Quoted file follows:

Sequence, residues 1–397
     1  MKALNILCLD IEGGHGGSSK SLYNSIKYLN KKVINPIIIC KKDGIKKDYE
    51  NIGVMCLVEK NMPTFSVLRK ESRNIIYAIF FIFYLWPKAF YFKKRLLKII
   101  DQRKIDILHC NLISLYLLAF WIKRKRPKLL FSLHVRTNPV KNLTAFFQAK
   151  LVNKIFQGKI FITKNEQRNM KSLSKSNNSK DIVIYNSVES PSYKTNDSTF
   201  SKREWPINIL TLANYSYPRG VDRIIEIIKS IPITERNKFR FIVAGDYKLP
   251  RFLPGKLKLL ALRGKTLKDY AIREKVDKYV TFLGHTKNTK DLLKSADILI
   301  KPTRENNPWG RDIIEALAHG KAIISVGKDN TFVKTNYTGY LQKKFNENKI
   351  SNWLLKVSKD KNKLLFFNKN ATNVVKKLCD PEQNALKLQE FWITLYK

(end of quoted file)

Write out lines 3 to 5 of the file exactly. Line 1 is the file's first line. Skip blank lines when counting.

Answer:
    51  NIGVMCLVEK NMPTFSVLRK ESRNIIYAIF FIFYLWPKAF YFKKRLLKII
   101  DQRKIDILHC NLISLYLLAF WIKRKRPKLL FSLHVRTNPV KNLTAFFQAK
   151  LVNKIFQGKI FITKNEQRNM KSLSKSNNSK DIVIYNSVES PSYKTNDSTF